All Tiger helicopters grounded

The safety of every Tiger helicopter around the world has been put under a cloud following a fatal crash in Africa on July 26.

FILE PHOTOCraftsman Hayden Bermicham (left) and Craftsman Rhys Johannessen take the cover off an Australian Army Tiger helicopter. Photo by Corporal Max Bree.

One of four German-army Tiger helicopters deployed on a peacekeeping mission in Mali crashed after it lost its main rotor blades while flying at around 2000 feet, killing both pilots.

What caused the blades to seperate from the aircraft has not yet been determined.

Last Friday, after preliminary investigations, Tiger manufacture Airbus Helicopters put out a safety bulletin basically saying that they had not yet identified a part or a reason for the blades to separate from the aircraft.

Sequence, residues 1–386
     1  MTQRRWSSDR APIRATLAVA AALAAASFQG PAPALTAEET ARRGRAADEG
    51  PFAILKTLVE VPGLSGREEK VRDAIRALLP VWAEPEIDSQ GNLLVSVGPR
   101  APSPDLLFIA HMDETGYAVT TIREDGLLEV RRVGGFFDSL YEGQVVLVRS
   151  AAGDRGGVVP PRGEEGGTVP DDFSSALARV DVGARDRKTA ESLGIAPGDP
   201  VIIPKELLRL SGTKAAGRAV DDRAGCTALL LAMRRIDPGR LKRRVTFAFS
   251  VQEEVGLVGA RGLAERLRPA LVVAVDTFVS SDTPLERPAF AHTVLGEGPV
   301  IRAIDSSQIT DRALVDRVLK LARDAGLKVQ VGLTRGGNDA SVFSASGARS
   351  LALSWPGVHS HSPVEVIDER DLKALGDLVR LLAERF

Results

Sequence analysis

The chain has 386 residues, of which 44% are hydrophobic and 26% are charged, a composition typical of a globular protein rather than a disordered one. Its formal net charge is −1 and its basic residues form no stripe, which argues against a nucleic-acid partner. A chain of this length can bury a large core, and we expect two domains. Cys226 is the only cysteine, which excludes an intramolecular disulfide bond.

Because of that, they could not say whether it was a design or a manufacturing fault or a maintenance error that caused the crash.

Consequently, the statement inferred, Airbus Helicopters was not in a position to propose a solution that would prevent further crashes.

While the statement did not specifically ‘ground’ all Tiger helicopters, operators were left in a position where, when the manufacturer couldn’t guarantee the safety of the equipment, they had little other choice.

This includes Australia’s beleaguered fleet of 22 Tiger Armed Reconnaissance Helicopters.

A Defence spokesman told CONTACT this afternoon, “On 14 August 2017, Defence decided to cease flying operations of the Australian Tiger fleet until further information becomes available”.

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Brian Hartigan

Managing Editor Contact Publishing Pty Ltd PO Box 3091 Minnamurra NSW 2533 AUSTRALIA

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